Tuesday, August 27, 2013

Not Classy, VimLPOO!

Rise, fellow VimLers and cease sobbing onto your consoles about the stink of VimLPOO (VimL Programming Object Orientedly). Vim keeps an open mind and so should you.

tl;dr : VimL OOP can haz class-reopening like Ruby

Okay, maybe not exactly like Ruby, but check it:

VimL’s OOP is more like javascript’s than Ruby’s. It doesn’t have explicit classes. It uses dictionaries to store data and methods that operate on it.

Here is one way in VimL to create an object factory:

function! Kid(name)                  <1>
  let k = {}                         <2>
  let k.name = a:name                <3>
  func k.say(blah) dict              <4>
    echo self.name . ': ' . a:blah
  return k                           <5>

let boy = Kid('Jack')                <6>
let girl = Kid('Jill')
call boy.say('wassup?')              <7>
call girl.say('chillin'' at the hill. u?')
echo boy                             <8>
Jack: wassup?
Jill: chillin' at the hill. u?
{'name': 'Jack', 'say': function('69')}
  1. I like to use the full command form function when creating object factories (classes?).
  2. The object container is a dictionary (hash).
  3. You can explicitly set attributes outside of methods if desired.
  4. I like to use the short command form func for methods. The dict argument tells Vim that this is an instance method, providing us the self. accessor.
    Note You don’t need the ! on method declarations as you do for the outer-level.
  5. The factory must return the newly created object.
  6. Create an instance using the factory.
  7. Call methods using dot notation.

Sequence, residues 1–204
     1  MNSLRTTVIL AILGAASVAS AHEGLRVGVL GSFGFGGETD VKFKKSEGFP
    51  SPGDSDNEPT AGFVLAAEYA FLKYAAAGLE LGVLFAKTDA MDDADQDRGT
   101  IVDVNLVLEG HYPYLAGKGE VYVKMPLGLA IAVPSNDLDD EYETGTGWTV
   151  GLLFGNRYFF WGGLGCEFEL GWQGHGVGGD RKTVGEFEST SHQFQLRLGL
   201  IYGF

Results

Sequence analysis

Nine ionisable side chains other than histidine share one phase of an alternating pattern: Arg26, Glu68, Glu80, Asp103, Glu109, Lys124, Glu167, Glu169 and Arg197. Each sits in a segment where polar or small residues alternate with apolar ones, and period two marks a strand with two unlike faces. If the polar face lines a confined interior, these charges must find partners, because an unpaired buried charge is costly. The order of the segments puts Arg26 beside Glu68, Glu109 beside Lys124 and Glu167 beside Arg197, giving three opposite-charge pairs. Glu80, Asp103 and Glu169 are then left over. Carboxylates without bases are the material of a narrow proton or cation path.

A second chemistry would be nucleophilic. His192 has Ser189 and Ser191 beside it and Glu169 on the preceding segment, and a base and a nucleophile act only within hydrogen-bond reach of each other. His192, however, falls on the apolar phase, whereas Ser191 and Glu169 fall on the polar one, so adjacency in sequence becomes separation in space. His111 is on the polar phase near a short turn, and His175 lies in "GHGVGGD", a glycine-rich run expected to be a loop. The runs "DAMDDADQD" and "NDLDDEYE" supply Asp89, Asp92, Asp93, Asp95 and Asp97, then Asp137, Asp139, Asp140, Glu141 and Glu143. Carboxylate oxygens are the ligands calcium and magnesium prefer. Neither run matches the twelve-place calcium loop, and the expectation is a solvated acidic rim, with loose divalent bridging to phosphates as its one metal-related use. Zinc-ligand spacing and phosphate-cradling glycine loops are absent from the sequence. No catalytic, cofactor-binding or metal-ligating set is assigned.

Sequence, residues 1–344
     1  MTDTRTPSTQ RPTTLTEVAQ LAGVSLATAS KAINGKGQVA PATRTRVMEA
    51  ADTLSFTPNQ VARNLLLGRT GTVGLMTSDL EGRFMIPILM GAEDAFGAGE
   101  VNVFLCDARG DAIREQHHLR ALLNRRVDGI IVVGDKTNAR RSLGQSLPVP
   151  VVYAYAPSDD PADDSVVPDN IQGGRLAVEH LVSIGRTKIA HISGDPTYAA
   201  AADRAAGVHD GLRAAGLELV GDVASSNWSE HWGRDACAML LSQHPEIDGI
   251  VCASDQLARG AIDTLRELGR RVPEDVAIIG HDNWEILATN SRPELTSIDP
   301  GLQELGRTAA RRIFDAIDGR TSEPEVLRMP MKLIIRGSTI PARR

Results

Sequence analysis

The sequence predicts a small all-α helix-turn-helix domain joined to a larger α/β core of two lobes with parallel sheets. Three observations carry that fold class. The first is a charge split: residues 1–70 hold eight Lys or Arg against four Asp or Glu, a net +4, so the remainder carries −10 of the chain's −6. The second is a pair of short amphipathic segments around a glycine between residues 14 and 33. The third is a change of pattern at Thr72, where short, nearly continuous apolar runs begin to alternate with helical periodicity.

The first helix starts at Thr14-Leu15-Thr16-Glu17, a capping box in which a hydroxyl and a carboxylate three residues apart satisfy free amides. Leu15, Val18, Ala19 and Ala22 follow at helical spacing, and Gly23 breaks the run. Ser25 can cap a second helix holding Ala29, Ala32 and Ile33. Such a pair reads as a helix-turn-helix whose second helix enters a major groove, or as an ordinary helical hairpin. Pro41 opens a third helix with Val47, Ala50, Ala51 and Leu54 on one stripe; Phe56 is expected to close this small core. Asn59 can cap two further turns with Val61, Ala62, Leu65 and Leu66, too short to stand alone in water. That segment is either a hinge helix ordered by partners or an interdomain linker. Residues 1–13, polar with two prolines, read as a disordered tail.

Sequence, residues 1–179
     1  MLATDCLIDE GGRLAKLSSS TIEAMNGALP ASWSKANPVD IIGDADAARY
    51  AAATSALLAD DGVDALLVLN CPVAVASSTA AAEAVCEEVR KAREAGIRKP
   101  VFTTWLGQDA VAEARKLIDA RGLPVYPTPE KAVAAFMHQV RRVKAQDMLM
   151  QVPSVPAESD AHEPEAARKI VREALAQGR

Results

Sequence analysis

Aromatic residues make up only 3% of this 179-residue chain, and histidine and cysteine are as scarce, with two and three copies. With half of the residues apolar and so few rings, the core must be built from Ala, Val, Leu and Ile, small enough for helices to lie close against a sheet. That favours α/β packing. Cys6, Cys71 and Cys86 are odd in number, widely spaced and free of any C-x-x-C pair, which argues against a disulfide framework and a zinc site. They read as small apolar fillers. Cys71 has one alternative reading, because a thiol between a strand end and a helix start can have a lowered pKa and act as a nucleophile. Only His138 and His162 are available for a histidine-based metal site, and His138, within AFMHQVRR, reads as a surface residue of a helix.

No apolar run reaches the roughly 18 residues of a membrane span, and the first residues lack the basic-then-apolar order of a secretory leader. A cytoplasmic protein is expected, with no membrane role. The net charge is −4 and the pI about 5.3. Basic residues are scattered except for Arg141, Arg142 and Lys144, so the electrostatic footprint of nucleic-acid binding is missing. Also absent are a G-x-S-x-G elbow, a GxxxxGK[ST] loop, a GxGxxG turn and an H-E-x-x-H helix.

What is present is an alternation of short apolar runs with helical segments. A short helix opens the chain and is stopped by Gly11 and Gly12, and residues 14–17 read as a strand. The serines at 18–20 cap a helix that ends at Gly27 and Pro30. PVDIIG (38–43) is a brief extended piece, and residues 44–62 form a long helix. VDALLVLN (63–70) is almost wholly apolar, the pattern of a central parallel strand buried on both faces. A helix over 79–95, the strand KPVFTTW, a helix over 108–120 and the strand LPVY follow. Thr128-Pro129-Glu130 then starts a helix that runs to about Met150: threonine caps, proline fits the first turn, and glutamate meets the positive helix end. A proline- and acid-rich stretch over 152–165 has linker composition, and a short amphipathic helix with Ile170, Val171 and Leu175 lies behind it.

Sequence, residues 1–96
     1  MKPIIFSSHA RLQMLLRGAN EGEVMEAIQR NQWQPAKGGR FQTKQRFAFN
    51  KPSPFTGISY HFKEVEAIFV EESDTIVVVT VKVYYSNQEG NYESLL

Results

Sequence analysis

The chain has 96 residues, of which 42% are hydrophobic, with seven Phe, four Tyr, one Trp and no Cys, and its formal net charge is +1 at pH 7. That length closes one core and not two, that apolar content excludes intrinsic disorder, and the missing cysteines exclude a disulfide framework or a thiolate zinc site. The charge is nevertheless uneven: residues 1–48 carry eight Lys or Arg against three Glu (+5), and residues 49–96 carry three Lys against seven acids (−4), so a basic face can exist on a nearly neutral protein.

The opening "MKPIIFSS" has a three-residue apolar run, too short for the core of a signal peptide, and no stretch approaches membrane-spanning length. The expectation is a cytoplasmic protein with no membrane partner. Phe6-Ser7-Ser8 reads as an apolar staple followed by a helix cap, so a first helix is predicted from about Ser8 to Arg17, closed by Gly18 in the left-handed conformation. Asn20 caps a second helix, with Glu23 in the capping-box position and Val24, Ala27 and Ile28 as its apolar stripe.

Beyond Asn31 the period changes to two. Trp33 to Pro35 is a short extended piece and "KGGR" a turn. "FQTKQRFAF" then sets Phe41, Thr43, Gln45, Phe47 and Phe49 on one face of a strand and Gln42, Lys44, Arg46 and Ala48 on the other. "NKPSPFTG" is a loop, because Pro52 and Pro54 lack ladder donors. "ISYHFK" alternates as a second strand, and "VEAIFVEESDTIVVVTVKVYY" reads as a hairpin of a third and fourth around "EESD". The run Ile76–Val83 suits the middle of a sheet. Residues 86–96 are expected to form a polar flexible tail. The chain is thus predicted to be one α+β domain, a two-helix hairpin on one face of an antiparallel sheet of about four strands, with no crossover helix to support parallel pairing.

8. The object in its native format is just a dictionary (hash).
Typically, after creating the object factory, the VimLPOO developer can’t re-open it to augment its behaviour although you can derive a new factory type from an existing one (inheritance without paternity):

function! RudeKid(name)
  let rk = Kid(a:name)               <1>
  func! rk.say(blah) dict            <2>
    echo self.name . ': Yo, biatch! ' . a:blah
  return rk

let boy = RudeKid('Jack')
let girl = Kid('Jill')
call boy.say('wassup?')
call girl.say('wtf?')
echo boy
Jack: Yo, biatch! wassup?
Jill: wtf?
{'name': 'Jack', 'say': function('72')}
  1. Base this object on the parent factory.
  2. Override methods as desired.
    Note The use of ! is now required because the method already exists in the base object.
But I’m not here today to talk about weak inheritance. I wanna play with class re-opening, Vim style.

As a quick recap, a Vim object is a dictionary with data and methods that can use the self. modifier internally to refer to its data and other methods. It turns out that Vim is not too particular about who gets to claim dict access on your objects. You’re free to create external functions, adorned with the dict modifier, and have them manipulate your objects as if they were created with the class originally:

function! s:slapped() dict
  echo self.name . " just got slapped!"

This happens to be a script-local (s:) function; global scope would work too, but why pollute unnecessarily? Now, if you tried to do a naive direct call of this, you’d be sorely disappointed:

call boy.slapped()
Error detected while processing jack_and_jill.vim:
Line   42:
E716: Key not present in Dictionary: slapped

That makes sense… We created slapped() as a script-local function, not a method on the boy instance.
Note Adding the method to the Kid() factory after having created the boy instance would be just as useless.

Happiness is just a call away:

call call('s:slapped', [], boy)

" Jack just got slapped!

:-D How cool is that?!

I have a little project in the works that uses this to allow clients of the engine to inject their own solutions to various parts of the workflow. It’s almost done, so I should be able to show something a bit more real-worldy soon. For now, what mischief can you concoct with this shiny new toy? I look forward to finding out. :-)

Vim on!